To demonstrate their genuine appreciation for clients’ loyalty and to create a more meaningful “high-touch,” planners have long used client appreciation events such as outings (boat rides, picnics, cooking classes) as well as client dinners featuring entertainment (a magician, comedian or motivational speaker) and/or financial experts (a noted book author or economist providing market updates and forecasts).
While these are nice and can help build a stronger relationship between the advisor and clients, planners may be wise to consider a more meaningful event.
Among financial planners’ greatest concerns in this turbulent environment is retaining valued clients. In this high-tech era, marketing expert Maries Swift says planners should balance high-tech communications with truly “high-touch” communications.
High-touch communications include:
-- Phone calls to those who are especially vulnerable or anxious (just the sound of your voice can do wonders – some planners are even using robo-call services such as Call-em-All or VoiceShot to communicate important information to everyone all at once)
-- Personal notes to selected clients (a nice touch that they will feel touched by – some planners are using online services such as Click-to-Mail or SendOutCards to automate the process)
-- Client letters to keep them informed (consistently sounding the theme that “we are on the case; we are not panicking and you shouldn’t, either”)
-- Town Hall meetings or other client events that have meaningful, practical content -- not just entertainment and a fancy meal
Creating a More Meaningful Event
In attempting to demonstrate their genuine appreciation for clients’ loyalty and to create a more meaningful high-touch, planners have long used client appreciation events such as outings (boat rides, picnics, cooking classes) as well as client dinners featuring entertainment (a magician, comedian or motivational speaker) and/or financial experts (a noted book author or economist providing market updates and forecasts). While these are nice and can help build a stronger relationship between the advisor and clients, planners may be wise to consider a more meaningful event.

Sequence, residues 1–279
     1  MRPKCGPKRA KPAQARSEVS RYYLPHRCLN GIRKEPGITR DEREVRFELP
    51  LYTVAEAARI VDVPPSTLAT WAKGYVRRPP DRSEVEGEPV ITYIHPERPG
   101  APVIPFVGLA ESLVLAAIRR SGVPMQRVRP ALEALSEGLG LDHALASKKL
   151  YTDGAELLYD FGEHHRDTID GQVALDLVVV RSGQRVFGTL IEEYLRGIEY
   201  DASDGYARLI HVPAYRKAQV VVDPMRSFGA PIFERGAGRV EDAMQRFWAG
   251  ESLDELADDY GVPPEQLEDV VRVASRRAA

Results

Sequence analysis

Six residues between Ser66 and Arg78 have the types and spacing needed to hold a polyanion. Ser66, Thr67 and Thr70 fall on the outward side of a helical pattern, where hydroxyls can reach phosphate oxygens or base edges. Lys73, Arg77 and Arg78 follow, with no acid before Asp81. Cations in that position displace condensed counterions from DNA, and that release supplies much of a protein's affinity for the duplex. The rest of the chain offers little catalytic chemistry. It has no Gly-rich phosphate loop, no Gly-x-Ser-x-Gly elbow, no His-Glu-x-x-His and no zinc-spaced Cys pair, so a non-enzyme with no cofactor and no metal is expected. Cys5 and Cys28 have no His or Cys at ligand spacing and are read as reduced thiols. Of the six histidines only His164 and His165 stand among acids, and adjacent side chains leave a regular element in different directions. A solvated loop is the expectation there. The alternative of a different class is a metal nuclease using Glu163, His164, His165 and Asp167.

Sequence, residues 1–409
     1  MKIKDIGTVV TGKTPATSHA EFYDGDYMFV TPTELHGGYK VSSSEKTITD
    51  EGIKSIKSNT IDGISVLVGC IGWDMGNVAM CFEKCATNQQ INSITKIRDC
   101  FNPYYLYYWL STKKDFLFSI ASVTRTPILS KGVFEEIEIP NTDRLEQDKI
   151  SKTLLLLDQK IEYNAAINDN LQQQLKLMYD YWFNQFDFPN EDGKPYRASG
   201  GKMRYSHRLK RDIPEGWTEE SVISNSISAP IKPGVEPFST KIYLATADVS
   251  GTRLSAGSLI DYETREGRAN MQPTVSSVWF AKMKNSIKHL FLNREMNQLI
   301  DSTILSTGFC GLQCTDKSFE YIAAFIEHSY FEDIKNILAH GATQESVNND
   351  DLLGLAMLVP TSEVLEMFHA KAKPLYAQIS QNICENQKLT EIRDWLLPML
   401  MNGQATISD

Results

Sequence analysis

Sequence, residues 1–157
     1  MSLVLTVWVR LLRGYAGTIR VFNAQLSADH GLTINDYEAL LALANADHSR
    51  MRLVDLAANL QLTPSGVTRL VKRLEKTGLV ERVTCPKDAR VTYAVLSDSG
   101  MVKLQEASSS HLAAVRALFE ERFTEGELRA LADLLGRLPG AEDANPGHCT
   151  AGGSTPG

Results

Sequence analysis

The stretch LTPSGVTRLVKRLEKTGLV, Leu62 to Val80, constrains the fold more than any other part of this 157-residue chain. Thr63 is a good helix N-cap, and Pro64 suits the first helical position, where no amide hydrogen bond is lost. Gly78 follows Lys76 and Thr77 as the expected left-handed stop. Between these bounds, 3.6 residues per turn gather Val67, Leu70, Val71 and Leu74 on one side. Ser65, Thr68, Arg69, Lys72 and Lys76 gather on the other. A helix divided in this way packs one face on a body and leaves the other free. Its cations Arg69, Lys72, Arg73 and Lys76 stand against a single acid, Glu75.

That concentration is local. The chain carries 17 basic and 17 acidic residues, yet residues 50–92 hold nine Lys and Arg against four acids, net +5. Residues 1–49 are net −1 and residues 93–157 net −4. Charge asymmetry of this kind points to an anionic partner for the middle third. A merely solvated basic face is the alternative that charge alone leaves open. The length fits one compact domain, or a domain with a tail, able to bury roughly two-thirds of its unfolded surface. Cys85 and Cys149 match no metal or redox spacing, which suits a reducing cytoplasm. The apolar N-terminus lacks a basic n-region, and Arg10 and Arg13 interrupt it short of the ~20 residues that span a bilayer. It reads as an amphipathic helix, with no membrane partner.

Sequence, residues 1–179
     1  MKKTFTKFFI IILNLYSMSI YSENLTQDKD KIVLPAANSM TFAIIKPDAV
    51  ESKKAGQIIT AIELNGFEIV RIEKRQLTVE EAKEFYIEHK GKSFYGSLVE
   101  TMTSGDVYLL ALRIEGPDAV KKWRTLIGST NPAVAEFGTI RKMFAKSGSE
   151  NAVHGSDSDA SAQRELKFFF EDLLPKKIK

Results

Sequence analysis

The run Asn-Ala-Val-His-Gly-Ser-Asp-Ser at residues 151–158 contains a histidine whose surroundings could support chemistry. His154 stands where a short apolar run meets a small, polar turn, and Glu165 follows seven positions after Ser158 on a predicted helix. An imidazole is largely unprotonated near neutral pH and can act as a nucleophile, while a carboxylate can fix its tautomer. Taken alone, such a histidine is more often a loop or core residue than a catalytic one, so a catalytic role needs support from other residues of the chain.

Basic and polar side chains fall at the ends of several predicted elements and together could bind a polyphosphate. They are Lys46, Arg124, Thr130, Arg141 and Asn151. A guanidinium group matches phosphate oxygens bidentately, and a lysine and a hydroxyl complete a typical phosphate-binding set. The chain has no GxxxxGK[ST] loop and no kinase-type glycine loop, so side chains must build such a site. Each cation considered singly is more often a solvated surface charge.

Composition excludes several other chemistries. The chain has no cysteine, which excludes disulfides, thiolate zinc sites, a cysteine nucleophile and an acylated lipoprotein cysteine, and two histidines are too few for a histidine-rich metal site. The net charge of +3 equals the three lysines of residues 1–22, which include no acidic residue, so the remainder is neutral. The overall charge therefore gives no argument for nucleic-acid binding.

In a previous Marketing Maven contribution, I talked about how one planner is holding Life Bio Events (see The Amish Kitchen Strategy).
Another approach is to host client dinners with presentations on topics that inform and resonate with clients on a personal and emotional level, using a psychologist such as Ed Jacobson, Ph.D., author of Appreciative Moments, Stories and Practices for Living and Working Appreciatively.
Personal Resilience in Tough Times
Dr. Jacobson has been making such presentations at client appreciation events for his financial planner clients for the last several years. Topics include “Personal Resilience in Tough Times,” “Abundance: It’s Not Just About Money Anymore,” and his latest topic, “How to Be Happy Until the Dow Hits 14,000 Again”. Beneath each catchy title is a presentation that provides updated and practical information based on psychological research, Ed’s decades of practice as a psychologist, business coach, consultant and public speaker, and his many years of experience with financial planning firms and their clients.